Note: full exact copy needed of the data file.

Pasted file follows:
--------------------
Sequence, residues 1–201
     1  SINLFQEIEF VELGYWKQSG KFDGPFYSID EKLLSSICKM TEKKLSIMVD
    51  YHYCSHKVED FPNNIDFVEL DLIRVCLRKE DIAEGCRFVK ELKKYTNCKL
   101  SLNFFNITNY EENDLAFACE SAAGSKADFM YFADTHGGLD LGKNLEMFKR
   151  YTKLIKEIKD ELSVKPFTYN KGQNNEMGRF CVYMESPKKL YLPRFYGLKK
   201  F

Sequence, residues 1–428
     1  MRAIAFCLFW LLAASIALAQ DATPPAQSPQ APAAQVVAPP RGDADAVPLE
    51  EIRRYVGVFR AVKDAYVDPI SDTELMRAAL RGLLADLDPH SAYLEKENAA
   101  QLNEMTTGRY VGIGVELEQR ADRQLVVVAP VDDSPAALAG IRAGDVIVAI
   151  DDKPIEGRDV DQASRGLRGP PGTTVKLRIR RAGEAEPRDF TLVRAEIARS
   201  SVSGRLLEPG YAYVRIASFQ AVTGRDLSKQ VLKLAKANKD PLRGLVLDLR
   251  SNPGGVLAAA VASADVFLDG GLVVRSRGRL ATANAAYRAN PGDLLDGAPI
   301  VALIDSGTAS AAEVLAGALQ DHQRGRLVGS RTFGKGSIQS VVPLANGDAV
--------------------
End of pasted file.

Sequence, residues 1–201
     1  SINLFQEIEF VELGYWKQSG KFDGPFYSID EKLLSSICKM TEKKLSIMVD
    51  YHYCSHKVED FPNNIDFVEL DLIRVCLRKE DIAEGCRFVK ELKKYTNCKL
   101  SLNFFNITNY EENDLAFACE SAAGSKADFM YFADTHGGLD LGKNLEMFKR
   151  YTKLIKEIKD ELSVKPFTYN KGQNNEMGRF CVYMESPKKL YLPRFYGLKK
   201  F

Sequence, residues 1–428
     1  MRAIAFCLFW LLAASIALAQ DATPPAQSPQ APAAQVVAPP RGDADAVPLE
    51  EIRRYVGVFR AVKDAYVDPI SDTELMRAAL RGLLADLDPH SAYLEKENAA
   101  QLNEMTTGRY VGIGVELEQR ADRQLVVVAP VDDSPAALAG IRAGDVIVAI
   151  DDKPIEGRDV DQASRGLRGP PGTTVKLRIR RAGEAEPRDF TLVRAEIARS
   201  SVSGRLLEPG YAYVRIASFQ AVTGRDLSKQ VLKLAKANKD PLRGLVLDLR
   251  SNPGGVLAAA VASADVFLDG GLVVRSRGRL ATANAAYRAN PGDLLDGAPI
   301  VALIDSGTAS AAEVLAGALQ DHQRGRLVGS RTFGKGSIQS VVPLANGDAV